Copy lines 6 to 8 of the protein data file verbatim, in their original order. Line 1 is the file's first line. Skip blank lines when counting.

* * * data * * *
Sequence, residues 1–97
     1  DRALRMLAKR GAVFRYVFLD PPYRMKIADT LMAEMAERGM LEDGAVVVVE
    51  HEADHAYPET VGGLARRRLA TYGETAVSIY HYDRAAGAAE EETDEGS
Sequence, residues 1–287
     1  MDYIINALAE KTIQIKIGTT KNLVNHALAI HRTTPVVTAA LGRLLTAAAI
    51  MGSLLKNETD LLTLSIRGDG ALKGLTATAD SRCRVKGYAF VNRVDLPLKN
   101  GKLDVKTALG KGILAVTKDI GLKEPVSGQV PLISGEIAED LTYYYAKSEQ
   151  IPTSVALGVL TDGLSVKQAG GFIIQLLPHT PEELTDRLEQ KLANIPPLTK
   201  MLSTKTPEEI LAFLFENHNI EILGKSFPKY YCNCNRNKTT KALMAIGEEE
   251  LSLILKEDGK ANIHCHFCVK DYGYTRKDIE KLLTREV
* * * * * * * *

    51  MGSLLKNETD LLTLSIRGDG ALKGLTATAD SRCRVKGYAF VNRVDLPLKN
   101  GKLDVKTALG KGILAVTKDI GLKEPVSGQV PLISGEIAED LTYYYAKSEQ
   151  IPTSVALGVL TDGLSVKQAG GFIIQLLPHT PEELTDRLEQ KLANIPPLTK